Federal Facility Response Awards Underground Storage Tanks Awards Superfund Awards Emergency Management Awards Regional Science Awards Environmental Justice Superfund Enforcement Awards RCRA Corrective Action Awards Resource Conservation Challenge Awards Cross-Program Revitalization Awards Brownfields
United States Environmental Protection Agency

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2005 National Notable Achievement Awards
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Cross-Program Revitalization Award Recipients

Land Revitalization Team
Little Elk Creek Interagency Workgroup, Region 3
Lorie Baker, Deborah Goldblum, Mark Stephens, Barbara Smith, Joel Hennessy, Linda Holden, Debra Rossi, Mike Cramer, and Kristeen Gaffney (Maryland Department of Environment: Art O’Connell, Jim Carroll, and Alex Cox)

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Although coordination across programs occurs routinely on individual sites, it generally does not extend much beyond the boundaries of a specific site. An exception to this pattern has been the collaboration of the Little Elk Creek Interagency Workgroup, which includes federal and state representatives. This workgroup created a unified team approach and pooled funds from Superfund, Brownfields, and the One Cleanup program for sampling, assessment, and community outreach that benefitted all sites in the project area. In all, the workgroup coordinated efforts on 15-20 sites in various stages of investigation or clean up. The sites, which included Superfund, RCRA Corrective Action, a formerly used defense site, and numerous state Brownfields sites, were under the jurisdiction of several different federal or state cleanup programs.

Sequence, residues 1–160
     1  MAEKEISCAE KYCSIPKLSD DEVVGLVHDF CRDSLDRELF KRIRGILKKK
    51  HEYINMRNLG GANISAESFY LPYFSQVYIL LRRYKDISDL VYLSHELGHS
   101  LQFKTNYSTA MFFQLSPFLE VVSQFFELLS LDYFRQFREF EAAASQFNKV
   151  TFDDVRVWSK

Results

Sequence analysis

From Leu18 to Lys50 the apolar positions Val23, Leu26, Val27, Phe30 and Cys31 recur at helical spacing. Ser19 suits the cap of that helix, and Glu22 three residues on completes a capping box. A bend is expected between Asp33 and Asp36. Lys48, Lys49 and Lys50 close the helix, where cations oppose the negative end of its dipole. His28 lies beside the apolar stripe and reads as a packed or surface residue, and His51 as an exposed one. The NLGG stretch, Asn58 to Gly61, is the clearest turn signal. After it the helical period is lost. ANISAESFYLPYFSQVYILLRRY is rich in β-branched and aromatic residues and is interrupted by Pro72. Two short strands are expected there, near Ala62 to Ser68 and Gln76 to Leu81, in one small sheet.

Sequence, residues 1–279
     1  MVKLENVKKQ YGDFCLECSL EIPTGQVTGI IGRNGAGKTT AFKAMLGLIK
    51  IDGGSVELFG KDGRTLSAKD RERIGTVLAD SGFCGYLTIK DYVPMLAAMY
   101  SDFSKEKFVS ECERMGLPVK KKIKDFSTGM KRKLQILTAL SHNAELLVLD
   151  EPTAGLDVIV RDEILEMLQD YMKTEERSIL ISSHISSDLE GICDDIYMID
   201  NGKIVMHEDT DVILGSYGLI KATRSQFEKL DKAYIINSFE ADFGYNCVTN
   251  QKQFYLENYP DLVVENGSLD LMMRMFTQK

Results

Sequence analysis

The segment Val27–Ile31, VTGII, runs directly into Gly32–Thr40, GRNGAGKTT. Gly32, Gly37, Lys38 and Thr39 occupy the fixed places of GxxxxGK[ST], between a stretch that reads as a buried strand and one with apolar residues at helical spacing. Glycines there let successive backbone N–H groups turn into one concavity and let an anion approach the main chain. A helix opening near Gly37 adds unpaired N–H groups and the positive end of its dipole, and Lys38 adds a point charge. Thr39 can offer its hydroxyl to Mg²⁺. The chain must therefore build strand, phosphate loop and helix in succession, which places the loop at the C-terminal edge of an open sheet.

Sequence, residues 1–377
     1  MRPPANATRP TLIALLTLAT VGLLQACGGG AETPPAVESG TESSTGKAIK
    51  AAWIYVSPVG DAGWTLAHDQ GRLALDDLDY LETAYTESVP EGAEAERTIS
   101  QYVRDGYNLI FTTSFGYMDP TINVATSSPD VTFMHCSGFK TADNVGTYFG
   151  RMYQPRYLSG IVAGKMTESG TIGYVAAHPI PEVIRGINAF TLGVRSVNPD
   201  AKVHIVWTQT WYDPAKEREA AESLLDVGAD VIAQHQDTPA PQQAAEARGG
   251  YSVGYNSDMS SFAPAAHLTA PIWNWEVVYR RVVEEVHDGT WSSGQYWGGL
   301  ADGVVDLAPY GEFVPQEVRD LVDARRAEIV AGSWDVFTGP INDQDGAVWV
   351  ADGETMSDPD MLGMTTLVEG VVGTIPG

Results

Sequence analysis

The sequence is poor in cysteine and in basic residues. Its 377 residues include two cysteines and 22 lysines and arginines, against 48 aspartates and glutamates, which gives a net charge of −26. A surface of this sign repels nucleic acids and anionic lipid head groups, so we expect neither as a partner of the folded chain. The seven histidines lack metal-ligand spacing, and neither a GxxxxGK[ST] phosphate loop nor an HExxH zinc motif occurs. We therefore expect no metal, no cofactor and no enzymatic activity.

Workgroup meetings and field trips often were day-long events. During the meetings the technical and redevelopment teams, created by the workgroup, were able to reach consensus on the project’s priorities and goals. Among the priorities was fostering stakeholder involvement to ensure that any future reuse met the community’s needs. Coordinating resources and data sharing for so many sites was very complicated and required extraordinary commitment and congeniality by everyone involved. In addition, workgroup members volunteered long hours beyond their usual responsibilities to develop a GIS for the project.

Collaboration among workgroup members has greatly improved the interaction between the federal and state cleanup programs, promoted confidence and trust among the agencies and the community, greatly speeded up the assessment and cleanup processes, reduced redundancy, saved time and money, and avoided missteps. As a result, several sites have moved toward new industrial uses that will be consistent with the community’s existing master plan for the area.

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Page Last Modified: May 17, 2005